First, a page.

In some places, such as the fenlands (low-lying wetlands) of Finland, where high-volume, high-quality wood can be produced with limited disruption and then ‘locked up’ in furniture and construction for hundreds of years, this kind of forestry can be net-positive from a carbon perspective. “Broadly speaking, in a lot of places, planting trees is a terrifically good thing,” Sloan says. “But in this specific environment [of the Flows], it turns out that’s a lot more questionable. It was an unintended consequence of a policy that had a lot of good intentions, but could have been thought through better.”
This all serves as a case study for the broader question of tree-planting’s efficacy, which has increasingly been a subject of conversation as tree-planting rises on agendas as one of the most important actions we can take to mitigate climate change. Political and business leaders across the globe have picked up the mantle energetically in the last couple of years, making ambitious pledges to plant millions, billions and trillions of new trees. As the UN Decade of Ecosystem Restoration prepares to embark in 2021, getting more trees in the ground is high on many national and international priority lists.
In a surprising twist (which is perhaps more of a testament to the small world of peatland science), Center for International Forestry Research (CIFOR) principal scientist Daniel Murdiyarso had his own small role in the Flow Country afforestation project. Murdiyarso is now one of the foremost living experts on the peatlands of his home country, Indonesia, but did his PhD at the University of Reading in the 1980s. There, he was tasked with, among other things, testing different provenances of lodgepole pine to see which might thrive best in the Flows. The disastrous outcome of the project became particularly apparent to him in 2019, when he attended an IPCC [Intergovernmental Panel on Climate Change] meeting in Edinburgh. “We went on a field trip to look at some of those plantations,” he recalls, “and the forests there just look so sad!”
Indonesia has an estimated 22.5 million hectares of peatlands, and Murdiyarso has been working hard to prevent peatland developers from making similar mistakes. He and his colleagues encourage foresters to plant native species rather than exotic ones and to choose a mix of species rather than a monocrop. He says it’s also important to select species that suit the ecosystems’ high water tables wherever possible – such as the spiky-leaved sago palm [Metroxylon sagu], a valuable export crop as well as source of a local staple starch.
Given the carbon-storage and biodiversity values of peatlands, there are also distinct advantages to simply leaving them be, though Murdiyarso highlights that it’s critical to create clear legal frameworks that maintain community access and defend against encroachment. “You need to make it a defined protected area, but you don’t want to fence it, either,” he says. “You still need to let people in to make use of it – to get benefits from it, but not own it. That’s the real challenge.”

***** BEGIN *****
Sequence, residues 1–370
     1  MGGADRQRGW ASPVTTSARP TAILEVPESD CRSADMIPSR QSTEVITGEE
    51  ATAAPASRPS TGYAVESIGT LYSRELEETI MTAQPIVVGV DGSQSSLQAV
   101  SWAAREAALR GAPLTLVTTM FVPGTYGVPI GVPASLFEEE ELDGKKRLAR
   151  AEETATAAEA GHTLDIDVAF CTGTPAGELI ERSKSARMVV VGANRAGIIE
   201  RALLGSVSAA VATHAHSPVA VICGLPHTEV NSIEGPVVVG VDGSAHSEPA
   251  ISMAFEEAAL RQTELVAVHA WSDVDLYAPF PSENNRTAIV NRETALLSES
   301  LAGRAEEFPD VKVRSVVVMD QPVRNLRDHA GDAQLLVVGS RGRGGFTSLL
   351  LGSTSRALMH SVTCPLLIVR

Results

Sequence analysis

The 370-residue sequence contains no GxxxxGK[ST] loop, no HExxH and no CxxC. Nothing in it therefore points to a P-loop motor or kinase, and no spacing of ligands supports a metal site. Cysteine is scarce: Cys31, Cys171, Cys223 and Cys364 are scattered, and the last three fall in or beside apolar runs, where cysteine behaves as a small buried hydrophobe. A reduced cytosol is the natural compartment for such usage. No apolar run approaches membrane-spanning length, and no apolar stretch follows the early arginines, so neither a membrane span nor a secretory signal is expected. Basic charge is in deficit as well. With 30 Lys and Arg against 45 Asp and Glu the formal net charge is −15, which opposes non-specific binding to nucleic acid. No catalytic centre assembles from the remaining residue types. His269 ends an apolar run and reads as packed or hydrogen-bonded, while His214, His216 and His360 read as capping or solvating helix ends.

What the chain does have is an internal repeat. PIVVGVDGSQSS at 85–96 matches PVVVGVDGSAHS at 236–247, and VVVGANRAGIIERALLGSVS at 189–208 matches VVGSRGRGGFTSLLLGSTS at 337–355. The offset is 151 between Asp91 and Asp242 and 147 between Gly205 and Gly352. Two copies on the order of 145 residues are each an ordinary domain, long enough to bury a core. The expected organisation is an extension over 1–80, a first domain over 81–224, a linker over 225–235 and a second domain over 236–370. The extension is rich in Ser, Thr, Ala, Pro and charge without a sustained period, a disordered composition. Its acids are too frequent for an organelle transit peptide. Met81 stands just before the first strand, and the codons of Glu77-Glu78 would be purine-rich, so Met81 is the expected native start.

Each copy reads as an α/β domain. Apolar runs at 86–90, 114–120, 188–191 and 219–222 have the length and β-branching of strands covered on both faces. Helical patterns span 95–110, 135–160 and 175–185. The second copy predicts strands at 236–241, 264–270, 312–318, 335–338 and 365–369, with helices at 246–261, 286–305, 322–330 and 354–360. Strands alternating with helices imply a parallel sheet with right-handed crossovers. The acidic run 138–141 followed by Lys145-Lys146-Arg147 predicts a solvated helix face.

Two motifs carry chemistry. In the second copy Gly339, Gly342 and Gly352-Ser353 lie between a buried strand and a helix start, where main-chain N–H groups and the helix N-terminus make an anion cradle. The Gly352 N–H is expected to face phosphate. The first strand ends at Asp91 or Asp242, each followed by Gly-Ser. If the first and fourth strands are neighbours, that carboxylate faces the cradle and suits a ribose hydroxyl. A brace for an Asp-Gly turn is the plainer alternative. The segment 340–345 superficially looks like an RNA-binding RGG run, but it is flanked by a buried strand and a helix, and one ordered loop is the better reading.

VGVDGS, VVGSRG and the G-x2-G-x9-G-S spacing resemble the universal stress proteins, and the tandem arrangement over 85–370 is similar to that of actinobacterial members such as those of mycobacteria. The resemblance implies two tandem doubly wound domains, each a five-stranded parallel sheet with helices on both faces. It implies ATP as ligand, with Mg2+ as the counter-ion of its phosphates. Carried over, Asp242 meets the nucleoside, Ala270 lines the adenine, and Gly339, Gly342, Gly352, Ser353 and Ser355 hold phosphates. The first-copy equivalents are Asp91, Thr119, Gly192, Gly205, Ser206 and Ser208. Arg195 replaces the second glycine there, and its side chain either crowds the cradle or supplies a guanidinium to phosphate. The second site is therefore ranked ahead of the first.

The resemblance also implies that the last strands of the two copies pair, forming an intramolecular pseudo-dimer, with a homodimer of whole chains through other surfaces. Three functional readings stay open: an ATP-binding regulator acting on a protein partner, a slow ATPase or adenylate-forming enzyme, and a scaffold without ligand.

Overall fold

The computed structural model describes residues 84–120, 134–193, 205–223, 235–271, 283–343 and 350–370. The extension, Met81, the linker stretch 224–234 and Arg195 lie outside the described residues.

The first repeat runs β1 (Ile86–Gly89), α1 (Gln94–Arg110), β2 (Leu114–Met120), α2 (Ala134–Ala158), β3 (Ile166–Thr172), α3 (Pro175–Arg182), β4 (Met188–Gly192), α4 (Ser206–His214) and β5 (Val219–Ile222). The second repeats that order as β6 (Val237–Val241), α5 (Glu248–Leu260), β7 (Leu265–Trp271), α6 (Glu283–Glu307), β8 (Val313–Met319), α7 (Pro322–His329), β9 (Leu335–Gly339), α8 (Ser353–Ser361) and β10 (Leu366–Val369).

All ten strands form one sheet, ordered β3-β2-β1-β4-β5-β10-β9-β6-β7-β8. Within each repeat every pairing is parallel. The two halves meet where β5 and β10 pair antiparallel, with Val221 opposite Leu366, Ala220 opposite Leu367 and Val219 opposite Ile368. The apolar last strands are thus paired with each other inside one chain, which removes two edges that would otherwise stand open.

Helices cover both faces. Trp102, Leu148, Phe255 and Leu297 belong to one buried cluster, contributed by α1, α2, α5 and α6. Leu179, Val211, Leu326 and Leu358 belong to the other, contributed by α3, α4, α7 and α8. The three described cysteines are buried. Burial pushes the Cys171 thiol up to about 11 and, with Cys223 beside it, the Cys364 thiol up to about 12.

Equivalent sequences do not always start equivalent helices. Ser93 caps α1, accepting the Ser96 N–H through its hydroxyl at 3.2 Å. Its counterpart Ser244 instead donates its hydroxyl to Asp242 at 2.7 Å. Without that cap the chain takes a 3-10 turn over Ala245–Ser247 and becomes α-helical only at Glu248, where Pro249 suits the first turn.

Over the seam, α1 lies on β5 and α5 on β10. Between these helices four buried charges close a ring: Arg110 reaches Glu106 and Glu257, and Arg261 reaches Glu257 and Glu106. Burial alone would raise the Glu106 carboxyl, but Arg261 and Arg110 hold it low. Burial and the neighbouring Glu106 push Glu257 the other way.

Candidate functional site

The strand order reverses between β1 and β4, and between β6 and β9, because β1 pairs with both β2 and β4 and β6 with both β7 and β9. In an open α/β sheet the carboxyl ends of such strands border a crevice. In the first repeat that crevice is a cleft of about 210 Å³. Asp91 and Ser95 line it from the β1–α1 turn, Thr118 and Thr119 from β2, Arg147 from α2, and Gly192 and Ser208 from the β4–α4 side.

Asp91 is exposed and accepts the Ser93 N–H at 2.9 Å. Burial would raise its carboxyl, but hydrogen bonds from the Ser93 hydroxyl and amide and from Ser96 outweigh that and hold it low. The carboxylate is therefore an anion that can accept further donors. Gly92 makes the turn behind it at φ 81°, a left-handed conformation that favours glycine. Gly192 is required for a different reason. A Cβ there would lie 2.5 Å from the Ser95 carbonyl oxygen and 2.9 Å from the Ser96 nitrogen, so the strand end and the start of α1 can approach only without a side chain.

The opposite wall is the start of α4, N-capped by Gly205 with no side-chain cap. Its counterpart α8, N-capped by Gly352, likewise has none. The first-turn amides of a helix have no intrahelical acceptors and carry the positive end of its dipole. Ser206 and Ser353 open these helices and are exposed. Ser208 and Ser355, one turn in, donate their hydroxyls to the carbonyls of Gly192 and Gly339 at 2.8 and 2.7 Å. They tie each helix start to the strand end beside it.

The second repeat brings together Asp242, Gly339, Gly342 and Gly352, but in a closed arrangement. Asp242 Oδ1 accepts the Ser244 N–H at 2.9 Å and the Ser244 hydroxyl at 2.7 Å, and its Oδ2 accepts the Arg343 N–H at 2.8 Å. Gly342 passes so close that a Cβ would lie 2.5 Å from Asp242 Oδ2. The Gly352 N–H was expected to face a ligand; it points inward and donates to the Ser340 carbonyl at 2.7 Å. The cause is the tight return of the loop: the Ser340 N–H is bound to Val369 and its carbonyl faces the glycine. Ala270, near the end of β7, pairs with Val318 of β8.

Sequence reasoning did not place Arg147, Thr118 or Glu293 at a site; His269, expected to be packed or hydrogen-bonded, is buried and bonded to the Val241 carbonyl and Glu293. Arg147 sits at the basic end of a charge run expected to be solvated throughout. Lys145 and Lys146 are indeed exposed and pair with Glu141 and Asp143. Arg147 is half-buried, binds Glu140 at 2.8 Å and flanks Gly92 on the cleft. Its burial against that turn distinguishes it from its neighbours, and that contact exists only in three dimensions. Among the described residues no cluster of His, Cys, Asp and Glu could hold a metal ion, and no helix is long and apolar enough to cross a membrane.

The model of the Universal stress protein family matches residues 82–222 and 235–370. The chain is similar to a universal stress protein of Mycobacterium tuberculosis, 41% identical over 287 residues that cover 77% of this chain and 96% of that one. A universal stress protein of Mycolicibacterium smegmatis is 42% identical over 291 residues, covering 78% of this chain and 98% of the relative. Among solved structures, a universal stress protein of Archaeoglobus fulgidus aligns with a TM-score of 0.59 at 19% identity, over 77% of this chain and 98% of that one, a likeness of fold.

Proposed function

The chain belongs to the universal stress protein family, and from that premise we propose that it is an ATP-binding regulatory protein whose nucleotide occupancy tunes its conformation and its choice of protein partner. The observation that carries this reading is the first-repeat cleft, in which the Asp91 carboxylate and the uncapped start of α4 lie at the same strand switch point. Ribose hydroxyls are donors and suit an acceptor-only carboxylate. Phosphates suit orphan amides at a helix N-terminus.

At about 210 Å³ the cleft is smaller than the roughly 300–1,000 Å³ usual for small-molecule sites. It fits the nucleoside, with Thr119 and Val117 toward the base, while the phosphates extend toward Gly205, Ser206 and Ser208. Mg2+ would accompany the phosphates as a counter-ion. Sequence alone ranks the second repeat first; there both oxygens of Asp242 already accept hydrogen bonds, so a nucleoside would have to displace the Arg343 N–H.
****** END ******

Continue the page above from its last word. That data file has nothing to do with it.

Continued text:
In the Congo Basin – where sits the world’s largest tropical peatland complex, the Cuvette Centrale – the challenge of balancing protection and use is particularly pressing. The peatland swamp forests there are extremely isolated and as of yet are relatively intact. “So it’s a case of looking at the degradation in places like Indonesia and trying to prevent that before it happens,” says Greta Dargie, a scientist at the University of Leeds and one of the researchers who first mapped the full extent of the Cuvette Centrale in a groundbreaking 2017 study.
Currently, the biggest risk to those peatlands is hydrocarbon exploration, which could lead to draining and drilling in or around the Cuvette Centrale, and would be disastrous for the ecosystems’ resilience and carbon storage capacity. “The two governments [Republic of Congo and Democratic Republic of Congo] have said that they don’t want to degrade the peatlands; they want to protect them,” says Dargie. “But then, obviously, within each country there are different groups who have different ideas about their nation’s future,” she says. “So it’s still unclear what’s going to take priority: preserving the peatlands, or potential economic gains through other development pathways.”
Dargie says it’s possible that falling oil prices, the COVID-19 pandemic and the lack of infrastructure in the Cuvette Centrale could put the brakes on extractive ambitions, at least temporarily. In the meantime, scientists from the chilly Scottish highlands to the steamy Congolese rainforests continue to toil through mud and midges to discover, evaluate and communicate what these strange, rich and delicate ecosystems have to offer, while they’re still intact enough to do so. They’re also exploring what kinds of plants we might cultivate in peatlands – both to aid restoration and to contribute to food security and livelihoods – without destroying their precarious balance of water and soil, and lifting the lid on crucial carbon-storage sites in the process.